By Kimberley on Sep 21, 2007
As a well known "Late Adopter" of all things technical, someone who still thinks assembly language is where one finds truth & speed on computers (look it up if you don't know what assembly language is, you young 'uns), thinks blue tooth is a lousy but popular excuse to happily develop poor driving skills (why are cyborgs allowed to drive on the freeways?), and e-tickets and less human interaction is NOT the way to fly the friendly skies, I truly hate it when the latest "good for me" technological advances ruin a perfectly good week.
And it was.... a perfectly good week, as good as business trips 3000 miles away from home can be.   Fabulous SW Leadership Summit.   Great sessions with the GPD team.   Fun team get together outside of working hours.   Good meetings overall while at Sun headquarters.   All was great....   Until...
...Security.   Hopefully, like many companies, we exercise PRUDENCE, INTELLIGENCE, CAUTION, when dealing with company security.   This includes the security of employee passwords.   And, at Sun, this mean rigourous and regular changing of employee passwords.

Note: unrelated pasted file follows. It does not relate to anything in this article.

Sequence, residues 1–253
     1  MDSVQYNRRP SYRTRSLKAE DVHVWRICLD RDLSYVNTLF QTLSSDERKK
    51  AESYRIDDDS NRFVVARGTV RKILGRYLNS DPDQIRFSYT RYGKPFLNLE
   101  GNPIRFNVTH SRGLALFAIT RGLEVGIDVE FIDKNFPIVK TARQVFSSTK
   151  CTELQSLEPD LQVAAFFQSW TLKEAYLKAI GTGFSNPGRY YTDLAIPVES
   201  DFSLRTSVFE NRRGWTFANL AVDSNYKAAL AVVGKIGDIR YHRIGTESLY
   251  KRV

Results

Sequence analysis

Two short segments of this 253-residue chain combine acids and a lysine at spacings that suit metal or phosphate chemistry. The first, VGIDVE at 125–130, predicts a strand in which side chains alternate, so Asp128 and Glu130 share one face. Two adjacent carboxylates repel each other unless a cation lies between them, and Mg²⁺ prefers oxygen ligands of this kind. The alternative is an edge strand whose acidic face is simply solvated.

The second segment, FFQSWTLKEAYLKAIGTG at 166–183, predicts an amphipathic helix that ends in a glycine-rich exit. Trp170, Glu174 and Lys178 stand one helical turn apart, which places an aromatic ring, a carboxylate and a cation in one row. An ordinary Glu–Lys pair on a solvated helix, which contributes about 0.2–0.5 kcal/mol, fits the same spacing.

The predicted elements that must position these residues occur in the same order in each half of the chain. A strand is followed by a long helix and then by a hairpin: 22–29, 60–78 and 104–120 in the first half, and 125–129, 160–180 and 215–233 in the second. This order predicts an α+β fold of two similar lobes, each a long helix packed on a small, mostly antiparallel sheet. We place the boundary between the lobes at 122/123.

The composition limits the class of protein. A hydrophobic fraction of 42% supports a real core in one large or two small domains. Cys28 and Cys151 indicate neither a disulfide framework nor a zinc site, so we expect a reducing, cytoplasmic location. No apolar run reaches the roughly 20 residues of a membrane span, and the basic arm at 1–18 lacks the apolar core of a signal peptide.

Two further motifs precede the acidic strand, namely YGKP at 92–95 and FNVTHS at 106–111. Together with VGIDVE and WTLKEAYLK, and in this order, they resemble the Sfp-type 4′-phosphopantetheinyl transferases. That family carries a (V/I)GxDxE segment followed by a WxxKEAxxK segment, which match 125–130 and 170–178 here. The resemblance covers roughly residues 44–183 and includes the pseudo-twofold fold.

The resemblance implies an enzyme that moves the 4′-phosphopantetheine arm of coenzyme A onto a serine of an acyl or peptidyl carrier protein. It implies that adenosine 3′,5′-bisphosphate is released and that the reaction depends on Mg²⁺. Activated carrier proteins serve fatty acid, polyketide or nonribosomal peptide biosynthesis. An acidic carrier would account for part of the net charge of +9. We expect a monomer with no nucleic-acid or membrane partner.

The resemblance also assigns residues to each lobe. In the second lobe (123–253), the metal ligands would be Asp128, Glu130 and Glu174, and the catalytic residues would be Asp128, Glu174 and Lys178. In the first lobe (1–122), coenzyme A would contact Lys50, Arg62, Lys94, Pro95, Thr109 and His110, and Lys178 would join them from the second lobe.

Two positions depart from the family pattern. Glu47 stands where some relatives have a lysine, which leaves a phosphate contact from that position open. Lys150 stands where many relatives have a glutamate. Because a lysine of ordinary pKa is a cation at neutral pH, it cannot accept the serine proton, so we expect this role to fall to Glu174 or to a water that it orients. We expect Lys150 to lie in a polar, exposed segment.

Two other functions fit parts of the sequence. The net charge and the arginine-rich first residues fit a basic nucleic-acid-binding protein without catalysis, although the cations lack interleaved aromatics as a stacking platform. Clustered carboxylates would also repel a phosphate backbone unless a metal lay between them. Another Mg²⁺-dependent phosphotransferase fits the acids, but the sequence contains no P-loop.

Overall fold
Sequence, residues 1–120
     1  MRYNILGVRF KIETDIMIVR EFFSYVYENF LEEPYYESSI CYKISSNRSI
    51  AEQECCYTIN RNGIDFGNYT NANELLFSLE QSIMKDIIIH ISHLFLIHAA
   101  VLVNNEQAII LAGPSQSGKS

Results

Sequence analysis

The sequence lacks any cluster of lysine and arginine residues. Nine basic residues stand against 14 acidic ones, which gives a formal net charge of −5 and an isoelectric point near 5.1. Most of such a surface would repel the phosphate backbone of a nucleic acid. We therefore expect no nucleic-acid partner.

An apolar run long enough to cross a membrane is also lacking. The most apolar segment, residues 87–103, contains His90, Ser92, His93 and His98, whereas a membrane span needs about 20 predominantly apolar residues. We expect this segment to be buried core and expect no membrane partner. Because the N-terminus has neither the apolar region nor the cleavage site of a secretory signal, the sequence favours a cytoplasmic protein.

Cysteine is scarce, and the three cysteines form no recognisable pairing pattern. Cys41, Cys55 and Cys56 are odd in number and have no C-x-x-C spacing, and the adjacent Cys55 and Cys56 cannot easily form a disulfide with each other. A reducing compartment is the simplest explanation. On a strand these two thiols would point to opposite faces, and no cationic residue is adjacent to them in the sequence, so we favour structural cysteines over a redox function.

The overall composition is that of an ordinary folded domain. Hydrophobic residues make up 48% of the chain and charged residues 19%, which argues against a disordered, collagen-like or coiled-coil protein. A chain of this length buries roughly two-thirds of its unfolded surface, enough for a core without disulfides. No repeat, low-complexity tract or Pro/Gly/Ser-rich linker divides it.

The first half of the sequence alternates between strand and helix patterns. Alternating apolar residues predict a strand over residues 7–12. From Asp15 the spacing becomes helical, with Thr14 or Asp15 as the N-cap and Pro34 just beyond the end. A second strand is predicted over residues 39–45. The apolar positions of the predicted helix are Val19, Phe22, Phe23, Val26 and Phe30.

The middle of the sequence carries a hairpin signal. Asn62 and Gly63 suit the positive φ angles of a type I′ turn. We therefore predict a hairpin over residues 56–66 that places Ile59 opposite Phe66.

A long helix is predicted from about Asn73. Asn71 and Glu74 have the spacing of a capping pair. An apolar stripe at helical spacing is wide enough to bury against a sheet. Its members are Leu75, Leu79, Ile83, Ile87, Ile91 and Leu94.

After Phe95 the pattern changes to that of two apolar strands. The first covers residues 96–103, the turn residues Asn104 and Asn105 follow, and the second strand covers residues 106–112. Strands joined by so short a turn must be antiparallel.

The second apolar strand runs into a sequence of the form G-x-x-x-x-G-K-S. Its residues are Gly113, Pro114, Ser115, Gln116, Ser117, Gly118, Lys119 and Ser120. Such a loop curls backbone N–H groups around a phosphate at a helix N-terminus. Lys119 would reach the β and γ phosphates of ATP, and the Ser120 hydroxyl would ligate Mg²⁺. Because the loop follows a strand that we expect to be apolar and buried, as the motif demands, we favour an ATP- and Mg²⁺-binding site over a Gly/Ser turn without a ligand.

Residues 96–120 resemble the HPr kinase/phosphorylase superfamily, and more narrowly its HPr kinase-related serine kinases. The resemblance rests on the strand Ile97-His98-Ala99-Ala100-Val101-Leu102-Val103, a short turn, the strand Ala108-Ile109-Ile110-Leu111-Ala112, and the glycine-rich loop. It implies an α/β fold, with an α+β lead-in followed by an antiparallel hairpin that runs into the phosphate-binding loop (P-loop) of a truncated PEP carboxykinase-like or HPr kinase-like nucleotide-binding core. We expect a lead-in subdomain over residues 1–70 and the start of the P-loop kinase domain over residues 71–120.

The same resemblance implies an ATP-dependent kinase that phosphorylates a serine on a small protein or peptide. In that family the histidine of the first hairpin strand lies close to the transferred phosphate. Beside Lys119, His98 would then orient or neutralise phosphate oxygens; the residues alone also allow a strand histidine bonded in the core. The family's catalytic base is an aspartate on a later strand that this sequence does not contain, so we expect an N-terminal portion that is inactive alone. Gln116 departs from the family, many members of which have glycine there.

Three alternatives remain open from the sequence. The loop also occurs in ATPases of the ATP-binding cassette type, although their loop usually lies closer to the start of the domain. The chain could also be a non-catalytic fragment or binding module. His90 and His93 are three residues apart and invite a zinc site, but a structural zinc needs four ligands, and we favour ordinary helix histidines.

I am 75% behind the concept.   75% with the idea of enforcing the changing of passwords, regularly.   When I was a field engineer, I even encouraged customers to enforce such rules.   But 25% hating it.   Or to be quite specific, 25% hating the time delay as various systems come to recognise the NEW password.
Sitting in a hotel, 3000 miles from home, I am suddenly without email during that small window of time in which my password is "in flux".   And, oh my goodness, what hell is this!?   Viewing email whenever I want, I am fine... and dare I say, even oblivious of the option.   Oblivious of the feature, the functionality, the connection that Sun provides to me to the company, my family, and my world.   Take away that option, even if only for a couple of hours, and it's like losing power while sleeping.   Strange really.   It's not like I really NEED email 24 hours a day.   But I don't like losing the OPTION of having it.   In fact, I think I hate losing it.
So, damn.   Am I becoming more dependent on email?   Am I becoming more dependent on technology, to the point of true dependency?   Is it possibly true that resistance is futile?